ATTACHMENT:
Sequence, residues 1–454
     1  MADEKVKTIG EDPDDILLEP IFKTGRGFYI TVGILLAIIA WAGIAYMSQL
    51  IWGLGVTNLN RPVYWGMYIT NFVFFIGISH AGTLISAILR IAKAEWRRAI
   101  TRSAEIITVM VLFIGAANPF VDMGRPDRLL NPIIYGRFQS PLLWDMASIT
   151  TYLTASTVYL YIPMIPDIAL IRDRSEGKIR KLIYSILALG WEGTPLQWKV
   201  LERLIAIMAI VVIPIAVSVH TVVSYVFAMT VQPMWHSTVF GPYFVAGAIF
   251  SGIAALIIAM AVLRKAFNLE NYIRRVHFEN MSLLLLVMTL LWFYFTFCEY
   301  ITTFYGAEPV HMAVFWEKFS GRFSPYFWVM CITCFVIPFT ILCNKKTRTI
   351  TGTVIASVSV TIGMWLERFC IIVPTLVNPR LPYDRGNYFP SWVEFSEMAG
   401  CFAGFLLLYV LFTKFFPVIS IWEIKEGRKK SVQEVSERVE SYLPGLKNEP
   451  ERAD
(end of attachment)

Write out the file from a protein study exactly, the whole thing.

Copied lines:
Sequence, residues 1–454
     1  MADEKVKTIG EDPDDILLEP IFKTGRGFYI TVGILLAIIA WAGIAYMSQL
    51  IWGLGVTNLN RPVYWGMYIT NFVFFIGISH AGTLISAILR IAKAEWRRAI
   101  TRSAEIITVM VLFIGAANPF VDMGRPDRLL NPIIYGRFQS PLLWDMASIT
   151  TYLTASTVYL YIPMIPDIAL IRDRSEGKIR KLIYSILALG WEGTPLQWKV
   201  LERLIAIMAI VVIPIAVSVH TVVSYVFAMT VQPMWHSTVF GPYFVAGAIF
   251  SGIAALIIAM AVLRKAFNLE NYIRRVHFEN MSLLLLVMTL LWFYFTFCEY
   301  ITTFYGAEPV HMAVFWEKFS GRFSPYFWVM CITCFVIPFT ILCNKKTRTI
   351  TGTVIASVSV TIGMWLERFC IIVPTLVNPR LPYDRGNYFP SWVEFSEMAG
   401  CFAGFLLLYV LFTKFFPVIS IWEIKEGRKK SVQEVSERVE SYLPGLKNEP
   451  ERAD